A popular complaint for adults with ADHD is “I just can’t get my act together!” What is not commonly known is that both the underachievers and overachievers with ADHD share the same complaint. How can that be?
I Can’t Get It Together and I Have Low Self-Esteem
It’s hard to believe that I have anything in common with high power overachievers, considering how low power my achievements tend to be.
In fact, since I am acutely aware of all the things I didn’t accomplish yesterday (this article, for example), I am filled with a very inflamed case of frustration over those unfinished items. They take on a life larger than what I have managed to check off my list. There is no salve for it but to keep working and working until all things have been accomplished. This keeps me up at night and stressed during the next day. In this, I have everything in common with overachievers.
Adults with ADHD share a sense of underachievement no matter how much they have actually accomplished. Once the gears of the mind are engaged, this list of unfinished tasks can take on an obsessed urgency. Have you ever pushed through to the end of a project to the exclusion of life around you simply because you were afraid you might lose momentum, or worse, forget to finish if you stopped too soon?
When I Do Get It Together, I Still Think I’m Underachieving
For those of you who cannot relate because you have the other ADHD problem of having a hard time getting out of the starting gate, you may be surprised to learn that the feeling of unimportance you feel for your lack of achievements doesn’t go away if you actually start achieving things!
ADHD seems to breed in many of us a constant sense of pessimism. Here’s a sample of what I think when down on myself:
- I don’t write fast enough.
- I don’t write often enough.
- I don’t get enough commenters.
- Not enough people @me back on Twitter.
- Nothing I write affects anybody.
- Nobody retweets me.
- Nobody quotes me.
- I don’t own a home like others in my writing circle.
- I don’t make enough money like my brother.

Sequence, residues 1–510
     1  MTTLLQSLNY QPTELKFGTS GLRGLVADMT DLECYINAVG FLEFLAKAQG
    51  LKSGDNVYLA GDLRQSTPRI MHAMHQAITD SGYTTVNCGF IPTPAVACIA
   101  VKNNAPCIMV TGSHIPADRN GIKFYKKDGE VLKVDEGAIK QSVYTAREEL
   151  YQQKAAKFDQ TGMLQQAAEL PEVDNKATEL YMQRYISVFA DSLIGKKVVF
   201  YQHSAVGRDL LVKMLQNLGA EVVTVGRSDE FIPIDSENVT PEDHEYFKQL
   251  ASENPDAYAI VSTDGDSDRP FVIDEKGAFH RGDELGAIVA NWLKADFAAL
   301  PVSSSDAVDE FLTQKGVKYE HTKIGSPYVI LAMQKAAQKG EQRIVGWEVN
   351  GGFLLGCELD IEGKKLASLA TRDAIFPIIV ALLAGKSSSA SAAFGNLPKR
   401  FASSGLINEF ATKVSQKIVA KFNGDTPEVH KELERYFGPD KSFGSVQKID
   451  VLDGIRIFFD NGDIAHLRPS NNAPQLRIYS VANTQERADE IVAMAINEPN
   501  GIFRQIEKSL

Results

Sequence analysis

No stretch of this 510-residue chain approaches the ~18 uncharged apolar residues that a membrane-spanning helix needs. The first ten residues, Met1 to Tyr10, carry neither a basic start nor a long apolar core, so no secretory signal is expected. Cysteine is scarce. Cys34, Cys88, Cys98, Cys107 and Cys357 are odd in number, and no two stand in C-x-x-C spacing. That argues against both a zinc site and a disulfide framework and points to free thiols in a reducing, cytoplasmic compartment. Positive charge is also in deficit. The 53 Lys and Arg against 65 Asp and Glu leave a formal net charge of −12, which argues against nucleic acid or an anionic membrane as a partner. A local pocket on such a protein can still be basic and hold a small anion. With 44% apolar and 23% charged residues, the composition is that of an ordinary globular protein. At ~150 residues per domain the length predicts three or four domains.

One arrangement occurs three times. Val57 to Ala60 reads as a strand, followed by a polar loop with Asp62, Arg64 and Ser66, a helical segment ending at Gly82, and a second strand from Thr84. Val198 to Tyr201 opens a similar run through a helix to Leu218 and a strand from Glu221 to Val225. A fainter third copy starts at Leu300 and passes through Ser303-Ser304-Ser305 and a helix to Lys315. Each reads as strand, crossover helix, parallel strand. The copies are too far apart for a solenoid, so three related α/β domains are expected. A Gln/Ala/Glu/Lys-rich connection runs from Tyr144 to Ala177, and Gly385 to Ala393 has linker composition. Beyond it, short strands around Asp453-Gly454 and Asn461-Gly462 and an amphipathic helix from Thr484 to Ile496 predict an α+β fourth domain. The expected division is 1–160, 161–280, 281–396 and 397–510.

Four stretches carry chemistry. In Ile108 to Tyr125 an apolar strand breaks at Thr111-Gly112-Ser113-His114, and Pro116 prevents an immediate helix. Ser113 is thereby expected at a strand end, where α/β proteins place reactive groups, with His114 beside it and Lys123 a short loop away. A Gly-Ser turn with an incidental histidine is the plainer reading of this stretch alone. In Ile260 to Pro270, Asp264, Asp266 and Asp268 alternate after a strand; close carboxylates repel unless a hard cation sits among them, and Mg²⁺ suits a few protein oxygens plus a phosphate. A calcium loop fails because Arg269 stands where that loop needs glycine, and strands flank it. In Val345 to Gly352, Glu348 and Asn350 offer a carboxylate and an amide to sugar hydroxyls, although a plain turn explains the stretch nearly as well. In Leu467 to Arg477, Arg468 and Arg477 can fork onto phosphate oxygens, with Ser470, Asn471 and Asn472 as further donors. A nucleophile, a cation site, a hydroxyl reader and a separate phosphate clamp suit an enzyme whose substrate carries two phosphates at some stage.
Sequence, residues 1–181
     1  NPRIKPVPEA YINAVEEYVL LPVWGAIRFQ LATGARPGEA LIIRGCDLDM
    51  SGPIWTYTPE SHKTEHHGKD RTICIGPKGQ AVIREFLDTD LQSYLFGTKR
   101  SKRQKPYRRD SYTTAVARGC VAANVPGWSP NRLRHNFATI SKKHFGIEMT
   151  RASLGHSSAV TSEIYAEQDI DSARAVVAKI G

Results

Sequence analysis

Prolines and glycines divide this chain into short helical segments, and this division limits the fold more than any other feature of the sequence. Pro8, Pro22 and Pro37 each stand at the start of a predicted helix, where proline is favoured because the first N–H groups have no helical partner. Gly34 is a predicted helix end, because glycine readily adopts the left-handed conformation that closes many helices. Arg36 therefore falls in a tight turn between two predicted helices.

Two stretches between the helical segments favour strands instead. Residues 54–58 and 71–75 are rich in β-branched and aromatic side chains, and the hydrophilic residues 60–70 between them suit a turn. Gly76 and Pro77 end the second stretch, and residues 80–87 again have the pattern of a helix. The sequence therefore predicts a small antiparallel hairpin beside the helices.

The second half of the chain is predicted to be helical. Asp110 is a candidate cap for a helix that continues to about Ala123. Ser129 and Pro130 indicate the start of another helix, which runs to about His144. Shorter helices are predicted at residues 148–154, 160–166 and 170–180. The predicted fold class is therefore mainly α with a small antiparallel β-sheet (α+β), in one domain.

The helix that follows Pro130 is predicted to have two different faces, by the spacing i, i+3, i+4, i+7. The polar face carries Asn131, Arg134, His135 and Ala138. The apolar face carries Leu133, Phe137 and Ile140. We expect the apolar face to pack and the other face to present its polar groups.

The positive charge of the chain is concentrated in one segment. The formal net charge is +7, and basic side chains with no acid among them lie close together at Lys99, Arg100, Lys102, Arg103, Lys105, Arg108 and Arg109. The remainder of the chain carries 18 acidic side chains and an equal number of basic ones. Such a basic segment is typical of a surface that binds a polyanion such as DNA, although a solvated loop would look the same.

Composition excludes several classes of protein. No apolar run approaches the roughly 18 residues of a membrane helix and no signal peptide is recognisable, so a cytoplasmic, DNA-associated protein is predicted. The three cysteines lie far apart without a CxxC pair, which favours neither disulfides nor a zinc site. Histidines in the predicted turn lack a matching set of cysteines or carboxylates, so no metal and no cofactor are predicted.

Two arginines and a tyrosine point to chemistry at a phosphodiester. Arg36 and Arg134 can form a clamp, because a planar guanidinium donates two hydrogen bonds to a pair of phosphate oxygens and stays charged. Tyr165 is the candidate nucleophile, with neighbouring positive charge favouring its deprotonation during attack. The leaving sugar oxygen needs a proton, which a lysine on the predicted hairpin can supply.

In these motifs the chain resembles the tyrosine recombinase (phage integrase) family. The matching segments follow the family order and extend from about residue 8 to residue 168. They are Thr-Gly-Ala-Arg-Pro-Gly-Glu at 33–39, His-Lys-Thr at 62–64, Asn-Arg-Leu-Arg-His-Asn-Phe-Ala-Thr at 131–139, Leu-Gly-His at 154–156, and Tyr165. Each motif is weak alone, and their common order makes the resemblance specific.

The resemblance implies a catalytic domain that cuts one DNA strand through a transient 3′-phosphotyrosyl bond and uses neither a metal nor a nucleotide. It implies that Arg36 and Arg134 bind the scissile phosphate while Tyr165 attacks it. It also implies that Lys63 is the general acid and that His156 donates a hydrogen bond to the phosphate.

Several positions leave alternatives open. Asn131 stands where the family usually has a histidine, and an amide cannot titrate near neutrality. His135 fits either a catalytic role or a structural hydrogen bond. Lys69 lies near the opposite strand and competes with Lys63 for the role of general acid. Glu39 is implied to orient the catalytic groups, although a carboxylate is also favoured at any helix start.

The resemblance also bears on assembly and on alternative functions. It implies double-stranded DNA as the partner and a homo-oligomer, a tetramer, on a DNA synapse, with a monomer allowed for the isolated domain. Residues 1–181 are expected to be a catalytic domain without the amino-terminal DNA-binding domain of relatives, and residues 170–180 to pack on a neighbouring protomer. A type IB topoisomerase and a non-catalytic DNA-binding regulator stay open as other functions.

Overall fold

- I don’t have a degree.
- I need to work more.
- I need to write more.
- I need to more . . . More . . . MORE!
When I compare myself to how I was six years ago before I began charting my progress online, I am so much more productive. I write two blogs, contribute articles to a national magazine, and am writing a middle-grade fantasy novel while also being a full-time Dad on disability. Not only am I undertaking these tasks, but I am succeeding at them. Yet I am filled with a pervasive sense of complete Loser-ness.
The lack of accomplishments hovers like glowing carrots at the end of emotional strings—mocking me and constantly reminding me of where I haven’t arrived yet. Once something is complete I dismiss it as unimportant because my mind races to find something new to focus on. In the end, nothing is more important than what I haven’t finished yet.
How to Develop A Positive Self-Image Even When You Can’t Get It Together
Can this possibly sound any more pathetic? Well, all is not hopeless. We can rein it in. In fact, I often do just that. I gave someone advice the other day on Twitter that I often give myself:
When we compare ourselves to others, we only come up short. Better to compare yourself to yourself to see your own progress.
When I forget this simple advice, my mind can race along the track of those thoughts I wrote above. However, when I remind myself to chart my own progress only against myself, my path of success becomes clearer and I am able to let the anxiety go. Having goals to reach for can be a highly motivational and positive thing, but only if we do not dismiss our own successes.
Whether we work harder for those successes or not can be debated, but this I do know. We earned them. We should be proud of them. Feeling positive about ourselves will breed more success and leave us with a healthy sense of achievement.